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Tiger's form could alter TV deal negotiations

The PGA Tour always has had an impeccable sense of timing when it comes to negotiating television contracts.

Tiger Woods shattered records at the 1997 Masters, becoming the youngest winner (21) by the widest margin (12 shots) and giving golf its highest TV rating (14.1) in the cable era. The tour met with networks a month later and reached a four-year deal worth about $650 million, twice as much as the previous contract.

The summer after Woods completed his "Tiger Slam" by winning his fourth consecutive major at the '01 Masters, the tour negotiated a 2003-06 contract worth close to $900 million

What also helped is that the deal was done in July, two months before the Sept. 11 terrorist attacks plunged the economy into a deep recession.

The next round of negotiations might be stickier.

The tour is expected to start meeting with networks next summer, and Tigermania is at an all-time low. Woods has gone 10 majors without winning, matching the longest drought of his career.

His only victory this year was in February, and three players -- Vijay Singh, PGA Tour commissioner Tim Finchem is optimistic as ever.

Even though Woods has proven to be the only player who can spike ratings, Finchem finds compelling story lines with Phil Mickelson winning his first major and contending in the other three and Singh's pursuit of Woods at No. 1 in the world ranking and having a chance to break his single-season earnings record.

Finchem also noted that with the economy slowly turning around, the tour already has signed up 10 title sponsors through 2010, the end of the next TV contract.

"I think we're in a reasonably good place," Finchem said recently. "I don't think we're going to see the kind of growth rate over the next five years that we've seen in the past five or six years.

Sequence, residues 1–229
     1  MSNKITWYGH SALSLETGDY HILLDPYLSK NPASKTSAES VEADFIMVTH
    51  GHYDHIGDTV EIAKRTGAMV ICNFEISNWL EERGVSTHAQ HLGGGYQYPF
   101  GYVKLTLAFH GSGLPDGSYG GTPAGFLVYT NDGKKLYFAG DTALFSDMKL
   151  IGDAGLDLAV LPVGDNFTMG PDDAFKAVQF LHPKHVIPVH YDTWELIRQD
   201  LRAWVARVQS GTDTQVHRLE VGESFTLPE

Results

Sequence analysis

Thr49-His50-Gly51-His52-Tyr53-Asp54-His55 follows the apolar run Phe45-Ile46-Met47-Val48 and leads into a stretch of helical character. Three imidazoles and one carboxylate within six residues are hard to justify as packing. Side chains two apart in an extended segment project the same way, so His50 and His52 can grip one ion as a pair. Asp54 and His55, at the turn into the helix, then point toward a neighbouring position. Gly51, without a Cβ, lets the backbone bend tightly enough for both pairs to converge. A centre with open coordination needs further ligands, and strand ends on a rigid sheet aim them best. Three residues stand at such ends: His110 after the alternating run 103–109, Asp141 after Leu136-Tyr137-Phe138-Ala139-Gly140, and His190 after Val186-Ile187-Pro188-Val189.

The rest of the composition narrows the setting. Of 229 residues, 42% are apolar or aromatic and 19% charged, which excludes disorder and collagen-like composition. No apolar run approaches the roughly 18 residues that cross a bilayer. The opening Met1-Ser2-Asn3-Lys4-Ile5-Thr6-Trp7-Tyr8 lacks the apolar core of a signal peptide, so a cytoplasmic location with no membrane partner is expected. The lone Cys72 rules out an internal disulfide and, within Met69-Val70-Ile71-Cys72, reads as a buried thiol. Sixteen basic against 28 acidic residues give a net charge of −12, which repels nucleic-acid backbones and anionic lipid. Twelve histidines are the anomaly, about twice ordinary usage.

"On the other hand, we're going to see growth in our charitable contributions, growth in our purses and growth in the overall fan base.

"And that's what is important in the long run."

Complicating matters is that the PGA Tour probably will have to get in line with it comes to a new TV contract. The networks face a busy year in negotiating deals with the NFL and NASCAR

"It's going to limit golf's flexibility," said Neal Pilson, former president of CBS Sports.

"They take a lot of money out of the market."

Pilson also is concerned about the rising cost of doing business in golf.

He said network profit margins are not nearly as high as they were. He is not, however, convinced that networks are losing money on golf.

Finchem attributes any shrinking margins to the state of the economy.

"We just had a three-year recession," he said.

One area where there is little room for debate is the ratings, which clearly are tied to Woods' performance.

David Toms recently asked Finchem what he thought about so many international players winning.

What prompted the question was upcoming TV negotiations.

"I've had a couple of older players, even Senior tour players, say with the TV deal coming up, it would be great for Tiger to be winning and dominating," Toms said.

"Because TV ratings go up when he's playing well."

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